22 November 2007

Yuck: Undefined symbol "__sbmaskrune"

I have saved tons of compile time in the past by using updated 6-STABLE binary packages, even though I'm running 6.2-RELEASE. (As discussed in past articles here and here.) Well, the last couple of days I gave some of that time back. :/ Packages grabbed from the '/packages-6-stable/' subdirectory are not running for me in 6.2-RELEASE. They would mostly exit immediately with an error message something like this:

/libexec/ld-elf.so.1: bash: Undefined symbol "__sbmaskrune"

Everything worked fine again when I reinstalled those ports by compiling instead of using packages. So, I've gotten all upgraded, it just took a little longer.

It's not really uncommon to have occasional little library problems with the binary packages. Usually that's a minor thing related to one of the dependencies and easily remedied, often by compiling it instead. I'm not sure what's going on in the above case. I'd guess something about system libraries changing in 6-STABLE and the upcoming 6.3.*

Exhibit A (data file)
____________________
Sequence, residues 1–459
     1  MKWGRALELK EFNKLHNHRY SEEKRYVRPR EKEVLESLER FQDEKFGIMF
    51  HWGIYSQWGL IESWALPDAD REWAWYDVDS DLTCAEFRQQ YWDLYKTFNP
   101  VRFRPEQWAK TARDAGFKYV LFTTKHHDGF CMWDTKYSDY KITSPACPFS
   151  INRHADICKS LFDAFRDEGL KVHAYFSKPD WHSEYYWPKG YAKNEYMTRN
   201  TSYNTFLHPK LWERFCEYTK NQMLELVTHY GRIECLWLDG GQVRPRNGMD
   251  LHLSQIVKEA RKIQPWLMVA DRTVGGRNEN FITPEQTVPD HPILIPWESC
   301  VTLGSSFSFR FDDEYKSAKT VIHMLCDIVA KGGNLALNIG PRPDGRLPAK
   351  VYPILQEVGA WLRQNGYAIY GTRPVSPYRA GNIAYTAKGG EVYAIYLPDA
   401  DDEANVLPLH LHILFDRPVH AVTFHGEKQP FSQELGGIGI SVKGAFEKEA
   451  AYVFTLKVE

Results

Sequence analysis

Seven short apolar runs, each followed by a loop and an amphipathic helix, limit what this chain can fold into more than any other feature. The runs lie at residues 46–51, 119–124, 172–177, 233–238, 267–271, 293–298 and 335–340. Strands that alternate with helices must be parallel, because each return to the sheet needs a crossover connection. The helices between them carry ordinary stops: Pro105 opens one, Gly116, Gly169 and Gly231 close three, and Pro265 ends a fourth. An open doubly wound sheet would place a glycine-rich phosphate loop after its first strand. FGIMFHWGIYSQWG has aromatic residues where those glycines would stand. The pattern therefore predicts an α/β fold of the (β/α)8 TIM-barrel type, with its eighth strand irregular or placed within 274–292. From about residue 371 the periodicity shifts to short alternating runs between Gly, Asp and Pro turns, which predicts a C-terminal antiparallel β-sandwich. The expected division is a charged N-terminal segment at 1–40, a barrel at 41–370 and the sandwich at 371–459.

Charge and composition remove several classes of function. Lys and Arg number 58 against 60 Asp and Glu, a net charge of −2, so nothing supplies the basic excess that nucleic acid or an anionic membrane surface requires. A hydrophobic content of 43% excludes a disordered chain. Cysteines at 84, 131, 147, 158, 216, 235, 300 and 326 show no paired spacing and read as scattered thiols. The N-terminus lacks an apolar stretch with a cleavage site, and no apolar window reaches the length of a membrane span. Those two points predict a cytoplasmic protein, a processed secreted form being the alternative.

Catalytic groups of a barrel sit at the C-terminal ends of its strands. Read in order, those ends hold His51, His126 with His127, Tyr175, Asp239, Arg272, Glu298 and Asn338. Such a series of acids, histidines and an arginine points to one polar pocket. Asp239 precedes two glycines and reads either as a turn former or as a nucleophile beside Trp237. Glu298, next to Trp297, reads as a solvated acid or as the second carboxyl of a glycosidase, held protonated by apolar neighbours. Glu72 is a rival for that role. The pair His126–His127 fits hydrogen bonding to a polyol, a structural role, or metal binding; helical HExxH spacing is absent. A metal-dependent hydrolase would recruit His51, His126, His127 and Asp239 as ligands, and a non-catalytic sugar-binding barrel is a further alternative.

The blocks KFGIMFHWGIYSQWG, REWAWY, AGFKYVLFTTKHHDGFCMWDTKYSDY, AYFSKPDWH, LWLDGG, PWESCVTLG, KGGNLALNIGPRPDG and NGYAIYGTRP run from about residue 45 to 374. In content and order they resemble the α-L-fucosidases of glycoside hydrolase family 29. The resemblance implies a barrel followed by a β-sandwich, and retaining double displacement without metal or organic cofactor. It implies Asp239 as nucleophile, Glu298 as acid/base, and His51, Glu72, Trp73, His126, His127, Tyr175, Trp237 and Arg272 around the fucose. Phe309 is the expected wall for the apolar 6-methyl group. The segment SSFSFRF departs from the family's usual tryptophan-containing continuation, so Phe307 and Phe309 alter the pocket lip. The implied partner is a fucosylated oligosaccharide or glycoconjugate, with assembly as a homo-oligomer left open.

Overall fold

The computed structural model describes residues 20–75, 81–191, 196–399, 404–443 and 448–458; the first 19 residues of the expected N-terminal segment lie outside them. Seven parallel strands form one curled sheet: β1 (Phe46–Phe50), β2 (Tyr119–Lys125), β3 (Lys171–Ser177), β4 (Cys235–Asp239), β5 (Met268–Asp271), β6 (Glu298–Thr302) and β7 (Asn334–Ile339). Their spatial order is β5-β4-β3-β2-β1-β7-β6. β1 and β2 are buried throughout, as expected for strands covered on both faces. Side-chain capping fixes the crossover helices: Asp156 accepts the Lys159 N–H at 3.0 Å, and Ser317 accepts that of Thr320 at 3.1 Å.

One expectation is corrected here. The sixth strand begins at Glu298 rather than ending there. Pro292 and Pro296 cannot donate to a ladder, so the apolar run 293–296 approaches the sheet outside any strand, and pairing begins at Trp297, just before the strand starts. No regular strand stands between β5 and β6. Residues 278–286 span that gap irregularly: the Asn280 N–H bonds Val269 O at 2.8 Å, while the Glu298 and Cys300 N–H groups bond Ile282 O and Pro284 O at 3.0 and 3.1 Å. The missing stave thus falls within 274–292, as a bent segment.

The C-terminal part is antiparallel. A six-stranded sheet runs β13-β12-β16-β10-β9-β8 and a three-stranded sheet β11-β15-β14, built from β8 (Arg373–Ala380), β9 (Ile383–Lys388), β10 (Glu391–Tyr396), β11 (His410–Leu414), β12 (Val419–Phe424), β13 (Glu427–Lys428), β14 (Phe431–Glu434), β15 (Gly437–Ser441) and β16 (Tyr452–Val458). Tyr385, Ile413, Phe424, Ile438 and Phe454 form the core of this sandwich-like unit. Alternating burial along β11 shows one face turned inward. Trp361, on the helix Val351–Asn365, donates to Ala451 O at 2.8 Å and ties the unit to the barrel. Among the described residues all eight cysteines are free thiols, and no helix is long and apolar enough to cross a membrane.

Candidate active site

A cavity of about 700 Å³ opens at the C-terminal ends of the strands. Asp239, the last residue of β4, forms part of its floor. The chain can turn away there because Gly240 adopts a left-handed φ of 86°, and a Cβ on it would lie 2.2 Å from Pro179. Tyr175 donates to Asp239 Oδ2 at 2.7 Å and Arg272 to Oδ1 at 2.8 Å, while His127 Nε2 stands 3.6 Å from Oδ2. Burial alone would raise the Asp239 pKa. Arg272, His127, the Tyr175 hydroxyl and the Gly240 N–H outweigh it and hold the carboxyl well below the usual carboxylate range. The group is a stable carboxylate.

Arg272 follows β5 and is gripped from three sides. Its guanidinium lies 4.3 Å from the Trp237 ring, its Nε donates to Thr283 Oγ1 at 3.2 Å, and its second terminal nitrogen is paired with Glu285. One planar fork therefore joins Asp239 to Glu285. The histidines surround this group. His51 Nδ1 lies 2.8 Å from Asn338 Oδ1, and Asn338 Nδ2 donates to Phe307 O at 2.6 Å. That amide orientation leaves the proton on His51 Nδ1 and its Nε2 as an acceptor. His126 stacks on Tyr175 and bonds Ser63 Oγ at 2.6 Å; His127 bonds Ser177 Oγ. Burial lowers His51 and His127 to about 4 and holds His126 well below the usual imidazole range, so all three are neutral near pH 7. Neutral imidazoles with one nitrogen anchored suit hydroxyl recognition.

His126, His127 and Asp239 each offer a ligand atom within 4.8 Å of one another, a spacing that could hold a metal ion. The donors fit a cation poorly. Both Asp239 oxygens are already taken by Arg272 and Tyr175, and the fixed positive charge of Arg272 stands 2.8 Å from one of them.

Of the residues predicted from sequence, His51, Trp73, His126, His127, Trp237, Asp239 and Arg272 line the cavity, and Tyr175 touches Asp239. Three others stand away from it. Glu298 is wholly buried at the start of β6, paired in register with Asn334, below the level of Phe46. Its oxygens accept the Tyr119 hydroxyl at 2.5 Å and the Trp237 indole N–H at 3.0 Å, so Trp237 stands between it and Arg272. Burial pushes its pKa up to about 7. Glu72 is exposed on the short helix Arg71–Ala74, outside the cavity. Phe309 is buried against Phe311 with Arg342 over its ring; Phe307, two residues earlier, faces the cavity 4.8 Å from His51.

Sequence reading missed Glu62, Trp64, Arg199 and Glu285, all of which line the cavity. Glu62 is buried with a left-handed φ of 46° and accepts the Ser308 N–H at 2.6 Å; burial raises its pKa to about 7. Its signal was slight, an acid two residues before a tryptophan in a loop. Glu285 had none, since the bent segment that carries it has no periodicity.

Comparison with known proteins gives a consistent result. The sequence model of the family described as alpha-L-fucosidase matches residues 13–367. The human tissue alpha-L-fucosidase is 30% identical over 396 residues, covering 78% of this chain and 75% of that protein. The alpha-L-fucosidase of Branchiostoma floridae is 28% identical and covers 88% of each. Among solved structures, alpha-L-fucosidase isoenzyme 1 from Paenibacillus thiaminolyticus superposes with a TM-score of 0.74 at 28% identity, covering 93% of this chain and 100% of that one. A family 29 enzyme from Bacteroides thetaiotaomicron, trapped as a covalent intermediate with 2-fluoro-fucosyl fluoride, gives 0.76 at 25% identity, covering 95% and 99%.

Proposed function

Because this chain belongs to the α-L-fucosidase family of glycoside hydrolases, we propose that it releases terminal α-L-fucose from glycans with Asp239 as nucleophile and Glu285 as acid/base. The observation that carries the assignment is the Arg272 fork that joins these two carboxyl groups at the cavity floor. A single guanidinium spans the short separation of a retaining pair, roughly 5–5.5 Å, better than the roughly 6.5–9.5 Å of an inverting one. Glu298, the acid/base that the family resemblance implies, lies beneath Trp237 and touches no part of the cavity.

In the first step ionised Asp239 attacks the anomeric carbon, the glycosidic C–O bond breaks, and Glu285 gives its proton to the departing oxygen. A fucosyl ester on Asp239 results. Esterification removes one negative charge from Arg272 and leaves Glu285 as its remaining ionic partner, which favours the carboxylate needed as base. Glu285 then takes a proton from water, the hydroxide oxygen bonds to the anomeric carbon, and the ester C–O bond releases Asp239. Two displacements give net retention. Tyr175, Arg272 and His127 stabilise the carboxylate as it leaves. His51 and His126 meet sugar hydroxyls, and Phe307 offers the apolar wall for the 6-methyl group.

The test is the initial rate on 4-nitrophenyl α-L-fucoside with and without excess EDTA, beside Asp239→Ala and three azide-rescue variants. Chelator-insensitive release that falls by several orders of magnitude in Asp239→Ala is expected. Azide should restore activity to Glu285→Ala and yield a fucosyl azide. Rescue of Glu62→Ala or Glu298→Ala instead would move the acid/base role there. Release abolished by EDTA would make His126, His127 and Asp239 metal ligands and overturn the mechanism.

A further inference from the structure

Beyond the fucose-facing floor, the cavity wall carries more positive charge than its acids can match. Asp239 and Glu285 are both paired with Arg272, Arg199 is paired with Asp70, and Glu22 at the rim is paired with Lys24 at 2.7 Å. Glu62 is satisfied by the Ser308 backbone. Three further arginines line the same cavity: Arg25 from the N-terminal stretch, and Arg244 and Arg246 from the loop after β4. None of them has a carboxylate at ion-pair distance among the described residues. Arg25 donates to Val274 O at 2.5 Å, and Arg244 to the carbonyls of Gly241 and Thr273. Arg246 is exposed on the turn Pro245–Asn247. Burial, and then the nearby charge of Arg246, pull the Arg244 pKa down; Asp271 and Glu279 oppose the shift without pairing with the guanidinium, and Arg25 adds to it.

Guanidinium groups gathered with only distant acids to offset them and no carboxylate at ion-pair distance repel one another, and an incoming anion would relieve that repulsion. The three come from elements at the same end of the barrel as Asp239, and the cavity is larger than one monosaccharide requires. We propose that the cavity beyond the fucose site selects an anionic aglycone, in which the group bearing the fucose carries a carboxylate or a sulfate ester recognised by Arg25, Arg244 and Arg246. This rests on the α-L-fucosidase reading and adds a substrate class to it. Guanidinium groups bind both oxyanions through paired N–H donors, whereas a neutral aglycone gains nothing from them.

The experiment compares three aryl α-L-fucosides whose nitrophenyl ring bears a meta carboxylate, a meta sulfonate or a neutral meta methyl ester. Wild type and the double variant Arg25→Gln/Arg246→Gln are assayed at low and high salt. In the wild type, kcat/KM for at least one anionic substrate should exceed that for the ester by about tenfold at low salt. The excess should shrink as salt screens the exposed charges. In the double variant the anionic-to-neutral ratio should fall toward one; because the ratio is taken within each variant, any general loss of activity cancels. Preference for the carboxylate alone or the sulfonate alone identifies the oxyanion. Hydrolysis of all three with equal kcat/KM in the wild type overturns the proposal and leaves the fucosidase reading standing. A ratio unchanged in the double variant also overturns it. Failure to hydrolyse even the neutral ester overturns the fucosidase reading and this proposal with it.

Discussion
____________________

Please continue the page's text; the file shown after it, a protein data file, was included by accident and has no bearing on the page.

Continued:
Also, I noticed that I'm not alone with this issue. I've seen a couple of related questions on the freebsd-questions mail list (search for "__sbmaskrune") and one of those involved system files. (Whereas, I sort of had the problem in reverse, having 6-STABLE packages that wouldn't run on 6.2.) It's a good time to remember that any STABLE branch is really a development branch and may have issues, however rare.

* Update

This sort of thing isn't supposed to happen, of course. "uunixuser" commenting at bsdforums.org pointed out this commit message which seems to be fixing and backing out the problem.

Update 2

Just to clarify what the problem is(/was): There was a commit that changes some system libraries used by pretty much everything. So that ports compiled on 6-PRE-OOPS would no longer run on 6-OOPS, and vice-versa! My issue was I downloaded 6-OOPS packages and installed them on my 6.2 system. They wouldn't run. Most other people upgraded to 6-OOPS and then suddenly their old ports would not run. Now, the OOPS has been backed out and mappings for the OOPS library changes have been left in, so that a 6-POST-OOPS system should run packages built at any time. ... It's pretty damn confusing, I agree. :) But, the upshot is there's two ways to fix these ports issues: 1) recompile all of the ports. It doesn't matter what version you're on, recompiling will fix the port. (Reinstalling from a binary package may not.) 2) update your system to the latest 6-POST-OOPS. Again, should fix everything. (I haven't tested this myself, but reports are that it works.)